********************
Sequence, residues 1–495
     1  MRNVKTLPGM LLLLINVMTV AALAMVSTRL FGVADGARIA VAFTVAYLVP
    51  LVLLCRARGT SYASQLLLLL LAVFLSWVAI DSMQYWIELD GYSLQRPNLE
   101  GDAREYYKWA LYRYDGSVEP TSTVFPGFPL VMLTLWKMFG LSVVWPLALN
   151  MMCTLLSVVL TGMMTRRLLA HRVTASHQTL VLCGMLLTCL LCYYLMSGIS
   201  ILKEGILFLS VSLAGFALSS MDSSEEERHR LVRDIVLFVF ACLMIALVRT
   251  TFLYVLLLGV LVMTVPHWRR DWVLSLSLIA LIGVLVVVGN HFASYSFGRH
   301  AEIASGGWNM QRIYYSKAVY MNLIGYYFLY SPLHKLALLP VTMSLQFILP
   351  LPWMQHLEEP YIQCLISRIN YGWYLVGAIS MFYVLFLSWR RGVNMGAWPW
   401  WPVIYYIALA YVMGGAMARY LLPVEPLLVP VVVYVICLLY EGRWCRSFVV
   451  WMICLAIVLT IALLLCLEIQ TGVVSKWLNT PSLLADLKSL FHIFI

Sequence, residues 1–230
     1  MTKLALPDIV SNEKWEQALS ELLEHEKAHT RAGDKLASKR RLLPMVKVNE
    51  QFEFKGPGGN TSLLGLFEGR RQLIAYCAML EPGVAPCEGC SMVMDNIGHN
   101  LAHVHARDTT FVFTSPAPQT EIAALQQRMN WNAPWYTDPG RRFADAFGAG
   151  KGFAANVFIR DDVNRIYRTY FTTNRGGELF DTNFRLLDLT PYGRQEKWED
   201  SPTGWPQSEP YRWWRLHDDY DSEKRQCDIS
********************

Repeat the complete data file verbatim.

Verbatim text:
Sequence, residues 1–495
     1  MRNVKTLPGM LLLLINVMTV AALAMVSTRL FGVADGARIA VAFTVAYLVP
    51  LVLLCRARGT SYASQLLLLL LAVFLSWVAI DSMQYWIELD GYSLQRPNLE
   101  GDAREYYKWA LYRYDGSVEP TSTVFPGFPL VMLTLWKMFG LSVVWPLALN
   151  MMCTLLSVVL TGMMTRRLLA HRVTASHQTL VLCGMLLTCL LCYYLMSGIS
   201  ILKEGILFLS VSLAGFALSS MDSSEEERHR LVRDIVLFVF ACLMIALVRT
   251  TFLYVLLLGV LVMTVPHWRR DWVLSLSLIA LIGVLVVVGN HFASYSFGRH
   301  AEIASGGWNM QRIYYSKAVY MNLIGYYFLY SPLHKLALLP VTMSLQFILP
   351  LPWMQHLEEP YIQCLISRIN YGWYLVGAIS MFYVLFLSWR RGVNMGAWPW
   401  WPVIYYIALA YVMGGAMARY LLPVEPLLVP VVVYVICLLY EGRWCRSFVV
   451  WMICLAIVLT IALLLCLEIQ TGVVSKWLNT PSLLADLKSL FHIFI

Sequence, residues 1–230
     1  MTKLALPDIV SNEKWEQALS ELLEHEKAHT RAGDKLASKR RLLPMVKVNE
    51  QFEFKGPGGN TSLLGLFEGR RQLIAYCAML EPGVAPCEGC SMVMDNIGHN
   101  LAHVHARDTT FVFTSPAPQT EIAALQQRMN WNAPWYTDPG RRFADAFGAG
   151  KGFAANVFIR DDVNRIYRTY FTTNRGGELF DTNFRLLDLT PYGRQEKWED
   201  SPTGWPQSEP YRWWRLHDDY DSEKRQCDIS